So it’s slightly unnerving that a survey conducted by the Harvard School of Public Health for the Massachusetts Medical Society found that only 29 percent of doctors said they were ready to enter into such payment arrangements, and less than half believe that global payments will reduce medical spending.
The latest MMS survey, which we covered earlier here (the survey has just now been finalized) included “572 physicians, 290 who work in solo or small single-specialty practices, and 282 who work in larger, multi-specialty groups or groups connected to hospitals.”
Her are some more key findings:
–While 67 percent of respondents reported having access to computer systems for managing some types of clinical information, only 7 percent said they had computer-based systems that permit clinical information exchange, communication, and management both inside their group and with physicians and hospitals outside of their group.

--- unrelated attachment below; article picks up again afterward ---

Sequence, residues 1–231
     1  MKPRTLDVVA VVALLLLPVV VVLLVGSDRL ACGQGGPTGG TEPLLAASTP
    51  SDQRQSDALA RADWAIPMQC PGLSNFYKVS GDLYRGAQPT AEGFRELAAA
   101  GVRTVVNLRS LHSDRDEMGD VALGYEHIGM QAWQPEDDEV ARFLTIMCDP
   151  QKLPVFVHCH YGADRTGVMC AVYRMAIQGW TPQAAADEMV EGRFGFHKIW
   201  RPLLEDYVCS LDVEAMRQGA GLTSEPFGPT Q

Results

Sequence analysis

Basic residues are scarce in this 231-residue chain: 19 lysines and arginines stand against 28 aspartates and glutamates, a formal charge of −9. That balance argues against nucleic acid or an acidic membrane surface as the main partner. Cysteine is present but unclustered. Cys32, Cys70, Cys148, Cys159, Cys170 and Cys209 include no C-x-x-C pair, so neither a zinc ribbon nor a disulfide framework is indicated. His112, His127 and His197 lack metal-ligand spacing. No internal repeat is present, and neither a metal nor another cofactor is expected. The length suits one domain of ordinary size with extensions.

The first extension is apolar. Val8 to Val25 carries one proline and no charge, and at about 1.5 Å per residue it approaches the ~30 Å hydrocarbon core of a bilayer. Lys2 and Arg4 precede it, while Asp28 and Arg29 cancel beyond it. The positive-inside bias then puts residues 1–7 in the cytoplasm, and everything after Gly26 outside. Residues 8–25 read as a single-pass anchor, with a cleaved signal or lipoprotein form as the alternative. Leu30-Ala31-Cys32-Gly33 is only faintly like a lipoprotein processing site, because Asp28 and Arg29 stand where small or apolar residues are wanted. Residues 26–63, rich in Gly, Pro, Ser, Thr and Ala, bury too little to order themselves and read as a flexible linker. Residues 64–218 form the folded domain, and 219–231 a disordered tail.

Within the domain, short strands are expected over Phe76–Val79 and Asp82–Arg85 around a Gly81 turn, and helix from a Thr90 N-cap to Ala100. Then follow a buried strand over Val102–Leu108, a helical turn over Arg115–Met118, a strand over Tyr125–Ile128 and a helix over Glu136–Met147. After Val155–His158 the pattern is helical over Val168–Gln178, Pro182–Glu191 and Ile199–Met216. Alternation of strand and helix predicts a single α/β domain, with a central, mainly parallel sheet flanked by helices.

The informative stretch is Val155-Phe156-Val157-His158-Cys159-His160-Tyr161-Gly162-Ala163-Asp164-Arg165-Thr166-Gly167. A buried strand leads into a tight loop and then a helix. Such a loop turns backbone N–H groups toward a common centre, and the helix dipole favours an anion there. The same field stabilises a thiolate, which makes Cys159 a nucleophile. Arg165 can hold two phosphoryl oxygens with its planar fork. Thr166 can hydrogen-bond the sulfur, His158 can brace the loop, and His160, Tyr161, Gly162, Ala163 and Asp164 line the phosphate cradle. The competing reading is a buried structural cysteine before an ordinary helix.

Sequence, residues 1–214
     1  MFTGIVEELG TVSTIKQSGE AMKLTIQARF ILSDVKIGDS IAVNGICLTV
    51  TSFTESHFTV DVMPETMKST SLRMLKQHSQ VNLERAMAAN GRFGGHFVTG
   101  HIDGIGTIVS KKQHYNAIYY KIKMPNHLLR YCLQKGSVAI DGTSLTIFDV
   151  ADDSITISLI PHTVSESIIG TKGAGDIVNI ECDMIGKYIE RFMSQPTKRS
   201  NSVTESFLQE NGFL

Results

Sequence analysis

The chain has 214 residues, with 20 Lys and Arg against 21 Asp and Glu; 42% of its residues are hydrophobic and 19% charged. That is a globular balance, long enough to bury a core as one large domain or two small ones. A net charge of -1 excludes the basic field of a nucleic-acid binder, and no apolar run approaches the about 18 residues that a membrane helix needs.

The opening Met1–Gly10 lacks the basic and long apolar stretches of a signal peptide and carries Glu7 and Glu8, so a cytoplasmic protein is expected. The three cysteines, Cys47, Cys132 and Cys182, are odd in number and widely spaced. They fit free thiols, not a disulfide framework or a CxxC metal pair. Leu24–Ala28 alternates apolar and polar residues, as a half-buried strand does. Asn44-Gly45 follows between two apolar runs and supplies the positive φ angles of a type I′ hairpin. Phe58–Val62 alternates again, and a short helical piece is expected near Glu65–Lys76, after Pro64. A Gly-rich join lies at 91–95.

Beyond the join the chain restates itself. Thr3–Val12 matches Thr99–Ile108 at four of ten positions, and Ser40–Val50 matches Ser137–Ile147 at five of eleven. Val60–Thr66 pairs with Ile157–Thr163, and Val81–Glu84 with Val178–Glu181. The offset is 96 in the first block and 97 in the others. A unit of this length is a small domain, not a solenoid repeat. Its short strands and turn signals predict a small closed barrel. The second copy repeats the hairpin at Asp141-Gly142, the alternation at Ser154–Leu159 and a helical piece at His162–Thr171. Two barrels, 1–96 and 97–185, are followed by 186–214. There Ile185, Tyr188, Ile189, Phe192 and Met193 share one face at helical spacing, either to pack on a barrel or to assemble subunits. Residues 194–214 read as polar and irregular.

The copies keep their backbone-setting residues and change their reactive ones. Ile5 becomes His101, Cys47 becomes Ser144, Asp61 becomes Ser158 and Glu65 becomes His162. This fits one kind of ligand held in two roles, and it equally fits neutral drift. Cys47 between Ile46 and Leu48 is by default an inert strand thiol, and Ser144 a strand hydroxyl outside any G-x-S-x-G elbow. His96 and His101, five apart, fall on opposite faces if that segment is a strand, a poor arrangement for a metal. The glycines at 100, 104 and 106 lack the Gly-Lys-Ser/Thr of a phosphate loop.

–Only 29 percent reported that their group is ready to enter global payments contracts, and only 21 percent said their group is both ready to enter such contracts and large enough to provide comprehensive care, negotiate with health plans and attract skilled managers to oversee these processes. Those practicing in large groups with experience with financial performance incentives were more likely to say they were ready for global payments.
–Physicians also questioned the presumed benefits of global payments: Only 44 percent believe that medical spending will decrease with global payments, only 19 percent think quality will improve, and 76 percent think that a global payment system will reduce the number of physicians willing to work in Massachusetts.